War of the Rebellion: Serial 076 Page 0843 Chapter L. CORRESPONDENCE, ETC. - UNION.

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GENERAL ORDERS,

HDQRS. DEPT. OF THE CUMBERLAND, No. 134. Atlanta, Ga., September 9, 1864.

SOLDIERS OF THE ARMY OF THE CUMBERLAND:

The major-general commanding, with pride and pleasure, congratulates you upon the fact that your achievements during the campaign which has just closed, in connection with those of the Armies of the Tennessee and Ohio, have received such distinguished marks of appreciation as the thanks of the President of the United States and of the major-general commanding the Military Division of Mississippi.

Your commander now desires to add his thanks to those you have already received, for the tenacity of purpose, unmurmuring endurance, cheerful obedience, brilliant heroism, and all those high qualities which you have displayed to an eminent degree, in attacking and defeating the cohorts of treason, driving them from position after position, each of their own choosing, cutting their communications, and in harassing their flanks and rear, during the many marches, battles, and sieges of this long and eventful campaign.

It is impossible, within the limits of an order like this, to enumerate the many instances in which you gallantry has been conspicuous, but among them may be mentioned the actions of Rocky Face Mountain and before Dalton, fought between the 8th and 13th of May, of Resaca on the 14th and 15th, of Adairsville on the 7th, and of New Hope Church on the 25th of the same month, of Kolb's Farm June 22, Peach Tree Creek July 20, and the crowning one of Jonesborough, fought September 1, which secured the capture of the city of Atlanta, the goal for which we set out more than four months ago, and furnished a brilliant termination to your struggles for that long period.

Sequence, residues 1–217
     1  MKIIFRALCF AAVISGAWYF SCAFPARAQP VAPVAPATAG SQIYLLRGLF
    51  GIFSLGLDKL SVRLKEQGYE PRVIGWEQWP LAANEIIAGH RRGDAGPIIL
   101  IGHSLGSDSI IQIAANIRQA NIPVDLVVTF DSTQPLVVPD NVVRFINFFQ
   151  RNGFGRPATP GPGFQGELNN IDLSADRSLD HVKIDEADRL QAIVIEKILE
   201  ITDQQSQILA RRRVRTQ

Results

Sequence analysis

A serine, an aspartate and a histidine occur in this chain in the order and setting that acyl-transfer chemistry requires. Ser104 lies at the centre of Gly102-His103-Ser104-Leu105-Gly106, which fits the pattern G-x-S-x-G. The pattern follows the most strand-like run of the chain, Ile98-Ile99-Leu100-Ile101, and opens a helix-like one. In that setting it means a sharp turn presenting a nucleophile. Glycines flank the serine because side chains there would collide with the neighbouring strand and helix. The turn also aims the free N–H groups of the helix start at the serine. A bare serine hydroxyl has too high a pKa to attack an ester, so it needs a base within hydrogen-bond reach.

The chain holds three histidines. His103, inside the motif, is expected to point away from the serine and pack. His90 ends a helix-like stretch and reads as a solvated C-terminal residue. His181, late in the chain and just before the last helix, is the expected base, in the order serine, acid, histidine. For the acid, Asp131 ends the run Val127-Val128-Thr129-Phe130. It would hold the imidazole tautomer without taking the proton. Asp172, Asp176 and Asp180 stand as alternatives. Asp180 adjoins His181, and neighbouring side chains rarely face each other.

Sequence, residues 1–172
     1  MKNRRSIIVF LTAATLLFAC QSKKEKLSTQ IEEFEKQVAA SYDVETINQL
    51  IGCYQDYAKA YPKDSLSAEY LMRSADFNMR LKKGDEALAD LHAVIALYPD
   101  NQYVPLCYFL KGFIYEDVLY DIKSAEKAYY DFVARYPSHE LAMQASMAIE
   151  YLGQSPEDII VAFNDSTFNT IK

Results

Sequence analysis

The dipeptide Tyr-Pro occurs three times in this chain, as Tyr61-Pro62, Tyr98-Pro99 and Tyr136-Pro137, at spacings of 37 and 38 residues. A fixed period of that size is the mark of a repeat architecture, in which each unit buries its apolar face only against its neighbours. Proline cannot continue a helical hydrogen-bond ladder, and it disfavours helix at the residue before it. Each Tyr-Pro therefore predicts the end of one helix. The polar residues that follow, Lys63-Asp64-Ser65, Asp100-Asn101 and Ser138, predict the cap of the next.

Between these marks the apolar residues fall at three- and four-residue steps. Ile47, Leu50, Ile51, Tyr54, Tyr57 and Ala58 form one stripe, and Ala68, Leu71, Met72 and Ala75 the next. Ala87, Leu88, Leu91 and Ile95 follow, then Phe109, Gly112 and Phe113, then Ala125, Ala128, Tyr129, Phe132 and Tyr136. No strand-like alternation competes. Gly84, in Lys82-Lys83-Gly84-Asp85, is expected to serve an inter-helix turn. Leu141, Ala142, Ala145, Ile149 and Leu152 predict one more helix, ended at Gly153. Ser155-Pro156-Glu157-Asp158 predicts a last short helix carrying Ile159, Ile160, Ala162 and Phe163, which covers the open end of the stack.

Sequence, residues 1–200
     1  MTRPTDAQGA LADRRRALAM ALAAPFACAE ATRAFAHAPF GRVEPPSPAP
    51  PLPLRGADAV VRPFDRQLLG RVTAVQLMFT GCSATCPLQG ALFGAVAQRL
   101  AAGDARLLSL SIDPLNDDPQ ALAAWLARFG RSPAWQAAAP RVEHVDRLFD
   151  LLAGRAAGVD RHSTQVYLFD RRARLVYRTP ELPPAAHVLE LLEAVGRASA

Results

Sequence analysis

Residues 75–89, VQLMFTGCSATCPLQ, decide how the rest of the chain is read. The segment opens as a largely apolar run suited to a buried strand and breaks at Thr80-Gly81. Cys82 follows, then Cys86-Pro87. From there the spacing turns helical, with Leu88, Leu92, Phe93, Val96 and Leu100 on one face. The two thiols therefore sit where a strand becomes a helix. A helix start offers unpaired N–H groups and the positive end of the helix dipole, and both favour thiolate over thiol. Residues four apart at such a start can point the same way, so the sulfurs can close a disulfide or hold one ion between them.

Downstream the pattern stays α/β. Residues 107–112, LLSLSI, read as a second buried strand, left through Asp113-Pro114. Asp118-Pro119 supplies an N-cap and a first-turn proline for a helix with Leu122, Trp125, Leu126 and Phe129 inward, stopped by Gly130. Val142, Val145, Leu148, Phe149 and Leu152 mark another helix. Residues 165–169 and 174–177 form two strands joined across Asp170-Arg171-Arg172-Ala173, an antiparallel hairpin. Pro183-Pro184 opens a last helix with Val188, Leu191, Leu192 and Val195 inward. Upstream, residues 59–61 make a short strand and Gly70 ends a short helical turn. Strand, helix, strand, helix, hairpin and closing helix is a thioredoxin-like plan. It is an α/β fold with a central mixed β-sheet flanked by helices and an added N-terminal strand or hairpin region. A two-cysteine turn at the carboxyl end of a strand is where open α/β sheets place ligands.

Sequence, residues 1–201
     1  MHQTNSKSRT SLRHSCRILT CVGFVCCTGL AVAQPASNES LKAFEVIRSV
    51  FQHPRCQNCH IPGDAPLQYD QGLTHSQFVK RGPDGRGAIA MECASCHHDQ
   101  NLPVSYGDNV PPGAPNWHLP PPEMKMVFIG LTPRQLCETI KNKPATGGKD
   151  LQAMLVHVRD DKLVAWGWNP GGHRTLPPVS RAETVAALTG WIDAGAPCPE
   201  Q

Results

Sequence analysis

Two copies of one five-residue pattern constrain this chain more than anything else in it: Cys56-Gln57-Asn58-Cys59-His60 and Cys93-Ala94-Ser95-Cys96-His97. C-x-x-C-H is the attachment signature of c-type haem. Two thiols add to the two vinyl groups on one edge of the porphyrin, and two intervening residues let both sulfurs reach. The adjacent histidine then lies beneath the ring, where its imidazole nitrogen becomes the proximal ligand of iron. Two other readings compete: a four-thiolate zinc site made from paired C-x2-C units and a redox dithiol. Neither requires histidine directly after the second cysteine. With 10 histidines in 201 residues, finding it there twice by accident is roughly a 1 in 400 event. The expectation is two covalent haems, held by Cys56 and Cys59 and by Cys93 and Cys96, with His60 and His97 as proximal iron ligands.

Let these successes encourage you to the continued exercise of those same high qualities, and to renewed exertions in the case of our country and humanity when you shall again be called upon to meet the foe, and be assured the time is not far distant when our prowess will conquer what territory now remains within the circumscribed limits of the rebellion. A few more fields like those whose names now crowd your standards and we can dictate the terms of a peace alike honorable to yourselves and our country. You can then retire to your homes amid, the plaudits of your friends and with the proud consciousness that you have deserved well of the country.

Our rejoicing are not unmixed with a proud regret for our brave comrades who have fallen. Their graves mark the spots where they went down amid the din and roar of battle, dotting every field and hillside, or lying beneath the spreading boughs of the forest along our route; they will in future days serve like finger boards to point out to the traveler the march of your victorious column. Those silent mounds appeal to us to remain true to ourselves and the country, and to so discharge the high duty devolving upon us that their lives, which they so freely offered up, may not prove a useless sacrifice.

By command of Major-General Thomas:

WM. D. WHIPPLE,

Assistant Adjutant-General.

NASHVILLE, TENN., September 10, 1864.

Major-General SHERMAN,

Atlanta:

Telegram just received from quartermaster at Athens, Ala., that Generals Rousseau, Steedman, and Granger formed junction there on